Police yesterday arrested more than 70 Chinese, Indonesians, Malaysians and Cambodians suspected of involvement in an illegal online football gambling network in Phnom Penh, senior officials said.
Mom Sitha, director of the foreign police office, linked the crackdown, which took place in the capital’s Chamkarmon district, to last week’s arrest and deportation of 114 Indonesian nationals suspected of involvement in a football-betting ring.
Sitha said authorities’ continued investigation of the deported Indonesians’ networks had led to yesterday’s arrest.
“These networks are still operating online gambling, which is illegal in Cambodia,” Mom Sitha said. “We have not decided on the fate of these people, as we are still investigating to uncover their networks.
Phnom Penh deputy police commissioner Hy Prou, who led the raids, and Phnom Penh deputy prosecutor Meas Chan Piseth confirmed that authorities have not yet decided whether the foreign nationals will be charged in Cambodia or face deportation.
“I don’t know yet the final decision on these people,” Hy Prou said.
Among the 71 arrested were 15 Chinese, five Malaysians and 10 Indonesians. The remaining 36 are Cambodian citizens.
National Police spokesman Kirt Chantharith told the Post that police confiscated 173 computers that had been used for organising online football betting following their raids in Chamkarmon district’s Tonle Bassac and Boeung Keng Kang III communes.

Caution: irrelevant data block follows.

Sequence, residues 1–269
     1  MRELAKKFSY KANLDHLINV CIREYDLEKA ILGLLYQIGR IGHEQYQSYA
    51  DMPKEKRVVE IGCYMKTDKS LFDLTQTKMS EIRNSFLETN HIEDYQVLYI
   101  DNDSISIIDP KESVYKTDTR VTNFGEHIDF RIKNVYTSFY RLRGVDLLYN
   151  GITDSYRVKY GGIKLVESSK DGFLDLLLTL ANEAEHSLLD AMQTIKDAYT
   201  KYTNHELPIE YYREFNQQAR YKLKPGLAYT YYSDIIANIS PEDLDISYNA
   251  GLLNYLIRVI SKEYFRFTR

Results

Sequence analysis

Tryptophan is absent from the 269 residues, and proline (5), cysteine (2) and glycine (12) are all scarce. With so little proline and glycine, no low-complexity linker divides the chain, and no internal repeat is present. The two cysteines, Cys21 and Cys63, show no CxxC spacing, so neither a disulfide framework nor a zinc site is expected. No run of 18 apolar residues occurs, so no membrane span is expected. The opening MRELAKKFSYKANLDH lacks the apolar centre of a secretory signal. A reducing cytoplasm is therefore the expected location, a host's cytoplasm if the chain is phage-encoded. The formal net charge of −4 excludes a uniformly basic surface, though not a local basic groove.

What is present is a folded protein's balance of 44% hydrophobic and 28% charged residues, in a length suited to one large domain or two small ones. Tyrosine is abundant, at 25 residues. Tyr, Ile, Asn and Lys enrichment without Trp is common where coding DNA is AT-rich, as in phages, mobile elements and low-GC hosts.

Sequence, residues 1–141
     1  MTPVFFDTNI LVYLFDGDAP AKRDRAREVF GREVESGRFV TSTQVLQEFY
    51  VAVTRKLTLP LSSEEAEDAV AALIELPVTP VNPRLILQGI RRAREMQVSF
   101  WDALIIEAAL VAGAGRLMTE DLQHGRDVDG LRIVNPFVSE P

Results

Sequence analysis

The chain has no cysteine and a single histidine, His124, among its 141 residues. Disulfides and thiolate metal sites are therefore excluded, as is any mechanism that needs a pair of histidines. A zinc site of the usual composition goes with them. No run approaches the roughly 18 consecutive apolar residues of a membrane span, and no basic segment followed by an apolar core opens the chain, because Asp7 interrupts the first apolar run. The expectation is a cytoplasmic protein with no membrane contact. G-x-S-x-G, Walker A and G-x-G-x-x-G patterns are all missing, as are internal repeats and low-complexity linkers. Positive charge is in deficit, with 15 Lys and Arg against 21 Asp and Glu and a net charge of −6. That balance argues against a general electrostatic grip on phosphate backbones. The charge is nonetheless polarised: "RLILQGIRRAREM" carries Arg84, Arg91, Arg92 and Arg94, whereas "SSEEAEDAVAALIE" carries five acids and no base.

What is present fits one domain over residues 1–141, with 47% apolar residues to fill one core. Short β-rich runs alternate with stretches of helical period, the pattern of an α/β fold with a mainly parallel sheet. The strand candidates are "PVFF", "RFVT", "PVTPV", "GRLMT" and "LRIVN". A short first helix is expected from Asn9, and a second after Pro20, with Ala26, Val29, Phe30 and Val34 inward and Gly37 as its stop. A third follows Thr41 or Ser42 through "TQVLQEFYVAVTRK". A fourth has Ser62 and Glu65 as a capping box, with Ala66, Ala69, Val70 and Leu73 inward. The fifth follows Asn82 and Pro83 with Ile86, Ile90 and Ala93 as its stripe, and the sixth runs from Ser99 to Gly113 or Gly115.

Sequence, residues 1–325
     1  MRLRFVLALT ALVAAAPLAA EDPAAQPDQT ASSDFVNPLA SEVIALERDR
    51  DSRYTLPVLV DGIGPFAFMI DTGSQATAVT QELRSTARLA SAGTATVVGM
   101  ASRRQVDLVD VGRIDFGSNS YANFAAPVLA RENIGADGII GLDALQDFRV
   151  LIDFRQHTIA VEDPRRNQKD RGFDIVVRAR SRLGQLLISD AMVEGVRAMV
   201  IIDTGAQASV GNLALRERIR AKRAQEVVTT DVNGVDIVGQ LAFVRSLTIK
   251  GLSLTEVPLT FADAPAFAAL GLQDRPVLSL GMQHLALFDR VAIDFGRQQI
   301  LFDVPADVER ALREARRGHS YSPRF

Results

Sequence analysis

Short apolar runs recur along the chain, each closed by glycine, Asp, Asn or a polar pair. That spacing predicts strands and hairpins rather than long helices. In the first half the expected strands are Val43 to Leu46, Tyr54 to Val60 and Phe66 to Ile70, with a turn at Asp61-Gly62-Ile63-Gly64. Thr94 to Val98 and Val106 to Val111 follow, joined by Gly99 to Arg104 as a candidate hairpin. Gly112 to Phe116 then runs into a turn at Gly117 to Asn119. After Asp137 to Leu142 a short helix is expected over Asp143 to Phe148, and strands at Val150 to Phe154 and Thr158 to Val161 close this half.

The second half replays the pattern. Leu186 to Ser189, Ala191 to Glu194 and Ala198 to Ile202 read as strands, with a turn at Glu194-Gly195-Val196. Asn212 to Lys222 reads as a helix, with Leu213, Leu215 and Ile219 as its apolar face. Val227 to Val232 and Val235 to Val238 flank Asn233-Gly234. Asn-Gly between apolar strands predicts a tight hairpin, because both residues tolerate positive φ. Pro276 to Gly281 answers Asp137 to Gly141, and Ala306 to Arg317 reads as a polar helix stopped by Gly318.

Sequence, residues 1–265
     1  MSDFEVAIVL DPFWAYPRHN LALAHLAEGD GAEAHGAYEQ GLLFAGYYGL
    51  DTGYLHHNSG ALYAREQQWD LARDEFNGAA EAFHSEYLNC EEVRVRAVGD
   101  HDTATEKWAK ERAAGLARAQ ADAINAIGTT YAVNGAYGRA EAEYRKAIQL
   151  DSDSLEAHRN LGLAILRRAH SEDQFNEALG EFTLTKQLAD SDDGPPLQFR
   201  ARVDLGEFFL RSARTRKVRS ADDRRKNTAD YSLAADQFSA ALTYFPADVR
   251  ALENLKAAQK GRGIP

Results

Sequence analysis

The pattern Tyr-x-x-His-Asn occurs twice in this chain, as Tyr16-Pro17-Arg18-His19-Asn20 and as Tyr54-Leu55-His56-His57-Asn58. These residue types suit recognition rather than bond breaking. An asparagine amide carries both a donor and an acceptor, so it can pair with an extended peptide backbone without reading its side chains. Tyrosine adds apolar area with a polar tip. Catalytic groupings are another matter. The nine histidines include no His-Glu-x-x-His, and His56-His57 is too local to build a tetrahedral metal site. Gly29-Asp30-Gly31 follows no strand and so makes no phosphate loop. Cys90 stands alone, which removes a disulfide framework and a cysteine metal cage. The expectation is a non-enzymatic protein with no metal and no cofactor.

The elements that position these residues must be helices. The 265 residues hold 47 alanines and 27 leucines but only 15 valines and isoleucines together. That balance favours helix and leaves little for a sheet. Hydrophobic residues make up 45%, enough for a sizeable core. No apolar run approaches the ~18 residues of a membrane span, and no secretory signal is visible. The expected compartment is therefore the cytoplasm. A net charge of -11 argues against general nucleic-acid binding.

“We are questioning the arrested persons and will make a report so that the Minister of Interior can make a decision on these people,” Chantharith said. “I don’t know whether we will deport them or not until that decision is made.”
Ouch Sokhon, police chief of Chamkarmon district, confirmed that municipal police had raided groups suspected of involvement in online gambling but declined to elaborate further, saying that his forces maintained guard outside the raid locations while the Phnom Penh police conducted the raids.
Officials from the Chinese, Malaysian and Indonesian embassies in Phnom Penh could not be reached for comment.
Yesterday’s arrest follows a year of cross-border crime busts in Cambodia and the broader region.
The Jakarta Post reported last Friday that authorities involved in investigating the Indonesians deported from Cambodia last week are still searching for the boss of the suspected gambling ring, who is reportedly in Hong Kong.
On Tuesday, Taiwanese and Philippine authorities in Manila arrested 86 Taiwanese and 291 Chinese on suspected involvement in a phone fraud syndicate, following a similar arrest in July, as Taiwan pushes for Southeast Asia’s cooperation in combating international crime, according to the Taiwanese Ministry of Justice’s Bureau of Investigation’s website.
Cambodia joined Taiwan’s efforts last September when authorities arrested 60 Chinese and Taiwanese nationals for alleged involvement in an extortion ring during a Taiwan-initiated sweep that spanned Southeast Asia.
Since then, hundreds of Chinese, Taiwanese and Indonesian nationals who have chosen Cambodia as a base for extortion schemes and online betting rings have been arrested and sent back to face prosecution in their home countries.
Council of Ministers spokesman Phay Siphan said he did not know why so many foreign nationals have chosen to base their illegal operations in Cambodia, but added: “Our arresting them is a message: We will not be a haven for illegal activity.”